Archive for April, 2010
I have made an ’email’ friend in one of my eBay customers and he regularly sends me funny, sad, risqué and beautiful emails this is one of them!
The Folded Napkin ..
A Truckers Story
If this doesn’t light your fire … your wood is wet!
I try not to be biased, but I had my doubts about hiring Stevie. His placement counselor assured me that he would be a good, reliable busboy.
But I had never had a mentally handicapped employee and wasn’t sure I wanted one. I wasn’t sure how my customers would react to Stevie.
He was short, a little dumpy with the smooth facial features and thick-tongued speech of Downs Syndrome. I wasn’t worried about most of my trucker customers because truckers don’t generally care who buses tables as long as the meatloaf platter is good and the pies are homemade.
The four-wheeler drivers were the ones who concerned me; the mouthy college kids traveling to school; the yuppie snobs who secretly polish their silverware with their napkins for fear of catching some dreaded “truck stop germ” the pairs of white-shirted business men on expense accounts who think every truck stop waitress wants to be flirted with. I knew those people would be uncomfortable around Stevie so I closely watched him for the first few weeks.
I shouldn’t have worried. After the first week, Stevie had my staff wrapped around his stubby little finger, and within a month my truck regulars had adopted him as their official truck stop mascot.
After that, I really didn’t care what the rest of the customers thought of him. He was like a 21-year-old kid in blue jeans and Nikes, eager to laugh and eager to please, but fierce in his attention to his duties. Every salt and pepper shaker was exactly in its place, not a bread crumb or coffee spill was visible when Stevie got done with the table. Our only problem was persuading him to wait to clean a table until after the customers were finished. He would hover in the background, shifting his weight from one foot to the other, scanning the dining room until a table was empty. Then he would scurry to the empty table and carefully bus dishes and glasses onto his cart and meticulously wipe the table up with a practiced flourish of his rag. If he thought a customer was watching, his brow would pucker with added concentration. He took pride in doing his job exactly right, and you had to love how hard he tried to please each and every person he met.
Over time, we learned that he lived with his mother, a widow who was disabled after repeated surgeries for cancer. They lived on their Social Security benefits in public housing two miles from the truck stop. Their social worker, who stopped to check on him every so often, admitted they had fallen between the cracks. Money was tight, and what I paid him was probably the difference between them being able to live together and Stevie being sent to a group home. That’s why the restaurant was a gloomy place that morning last August, the first morning in three years that Stevie missed work.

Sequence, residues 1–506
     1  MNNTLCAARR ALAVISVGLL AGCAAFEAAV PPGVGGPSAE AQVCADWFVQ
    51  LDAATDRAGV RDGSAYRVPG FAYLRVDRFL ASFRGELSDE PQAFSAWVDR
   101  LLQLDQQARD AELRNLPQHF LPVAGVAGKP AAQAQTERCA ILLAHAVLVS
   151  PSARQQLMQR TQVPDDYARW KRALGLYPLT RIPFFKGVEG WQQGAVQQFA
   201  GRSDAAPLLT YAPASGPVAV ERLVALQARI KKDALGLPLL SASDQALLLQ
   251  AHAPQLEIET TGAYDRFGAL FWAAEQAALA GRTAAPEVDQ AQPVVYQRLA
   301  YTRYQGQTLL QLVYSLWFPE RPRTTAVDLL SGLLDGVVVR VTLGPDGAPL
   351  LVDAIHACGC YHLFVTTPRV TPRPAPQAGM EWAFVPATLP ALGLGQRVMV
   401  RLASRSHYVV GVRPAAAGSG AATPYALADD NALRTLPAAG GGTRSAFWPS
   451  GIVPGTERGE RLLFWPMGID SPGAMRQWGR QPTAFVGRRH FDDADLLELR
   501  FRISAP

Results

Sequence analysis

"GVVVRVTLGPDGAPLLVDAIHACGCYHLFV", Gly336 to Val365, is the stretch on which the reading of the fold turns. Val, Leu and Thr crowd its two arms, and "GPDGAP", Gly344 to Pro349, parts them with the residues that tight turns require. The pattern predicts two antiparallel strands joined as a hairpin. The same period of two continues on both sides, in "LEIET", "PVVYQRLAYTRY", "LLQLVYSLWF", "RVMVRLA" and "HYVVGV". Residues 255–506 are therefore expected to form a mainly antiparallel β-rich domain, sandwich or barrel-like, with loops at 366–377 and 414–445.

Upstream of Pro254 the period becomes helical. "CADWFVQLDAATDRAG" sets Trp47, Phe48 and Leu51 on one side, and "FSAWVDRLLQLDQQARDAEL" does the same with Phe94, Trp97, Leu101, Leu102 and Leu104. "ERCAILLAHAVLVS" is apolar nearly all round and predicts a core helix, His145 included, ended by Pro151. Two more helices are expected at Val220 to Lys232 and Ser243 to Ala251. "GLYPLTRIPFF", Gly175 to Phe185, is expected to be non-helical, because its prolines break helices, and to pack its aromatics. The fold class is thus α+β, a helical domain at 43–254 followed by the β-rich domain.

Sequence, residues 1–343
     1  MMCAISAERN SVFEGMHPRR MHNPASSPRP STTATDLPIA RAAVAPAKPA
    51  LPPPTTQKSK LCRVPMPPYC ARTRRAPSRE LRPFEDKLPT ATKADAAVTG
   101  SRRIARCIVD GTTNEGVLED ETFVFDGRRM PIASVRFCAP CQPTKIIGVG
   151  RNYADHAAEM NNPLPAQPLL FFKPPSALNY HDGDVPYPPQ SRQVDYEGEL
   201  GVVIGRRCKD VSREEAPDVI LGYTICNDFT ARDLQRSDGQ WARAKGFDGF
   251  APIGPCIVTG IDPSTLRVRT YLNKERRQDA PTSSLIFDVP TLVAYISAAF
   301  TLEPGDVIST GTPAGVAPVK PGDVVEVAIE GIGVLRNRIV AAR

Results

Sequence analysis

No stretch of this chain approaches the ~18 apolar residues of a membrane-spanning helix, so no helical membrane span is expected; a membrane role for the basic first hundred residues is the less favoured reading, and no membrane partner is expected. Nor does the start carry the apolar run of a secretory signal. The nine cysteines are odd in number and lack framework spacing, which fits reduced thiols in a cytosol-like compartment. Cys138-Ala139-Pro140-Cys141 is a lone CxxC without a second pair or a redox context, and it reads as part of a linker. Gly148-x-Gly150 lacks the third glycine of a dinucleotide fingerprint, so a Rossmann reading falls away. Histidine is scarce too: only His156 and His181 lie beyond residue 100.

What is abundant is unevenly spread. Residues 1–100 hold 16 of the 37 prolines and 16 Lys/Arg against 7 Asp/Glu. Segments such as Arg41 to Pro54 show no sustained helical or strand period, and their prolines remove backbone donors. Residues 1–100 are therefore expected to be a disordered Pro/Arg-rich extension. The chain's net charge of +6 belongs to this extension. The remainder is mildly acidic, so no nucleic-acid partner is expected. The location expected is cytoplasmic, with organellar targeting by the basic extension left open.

He was at the Mayo Clinic in Rochester getting a new valve or something put in his heart. His social worker said that people with Downs Syndrome often have heart problems at an early age so this wasn’t unexpected, and there was a good chance he would come through the surgery in good shape and be back at work in a few months.
A ripple of excitement ran through the staff later that morning when word came that he was out of surgery, in recovery, and doing fine.
Frannie, the head waitress, let out a war hoop and did a little dance in the aisle when she heard the good news.
Marvin Ringers, one of our regular trucker customers, stared at the sight of this 50-year-old grandmother of four doing a victory shimmy beside his table
Frannie blushed, smoothed her apron and shot Marvin a withering look.
He grinned. “OK, Frannie, what was that all about?” he asked.
“We just got word that Stevie is out of surgery and going to be okay.”
“I was wondering where he was. I had a new joke to tell him. What was the surgery about?”
Frannie quickly told Marvin and the other two drivers sitting at his booth about Stevie’s surgery, then sighed: ” Yeah, I’m glad he is going to be OK,” she said. “But I don’t know how he and his Mom are going to handle all the bills. From what I hear, they’re barely getting by as it is.” Marvin nodded thoughtfully, and Frannie hurried off to wait on the rest of her tables. Since I hadn’t had time to round up a busboy to replace Stevie and really didn’t want to replace him, the girls were busing their own tables that day until we decided what to do.
After the morning rush, Frannie walked into my office. She had a couple of paper napkins in her hand and a funny look on her face.
“What’s up?” I asked.
“I didn’t get that table where Marvin and his friends were sitting cleared off after they left, and Pete and Tony were sitting there when I got back to clean it off,” she said. “This was folded and tucked under a coffee cup”
She handed the napkin to me, and three $20 bills fell onto my desk when I opened it. On the outside, in big, bold letters, was printed “Something For Stevie.”
“Pete asked me what that was all about,” she said, “so I told him about Stevie and his Mom and everything, and Pete looked at Tony and Tony looked at Pete, and they ended up giving me this.” She handed me another paper napkin that had “Something For Stevie” scrawled on its outside.. Two $50 bills were tucked within its folds. Frannie looked at me with wet, shiny eyes, shook her head and said simply: “truckers.”
That was three months ago. Today is Thanksgiving, the first day Stevie is supposed to be back to work.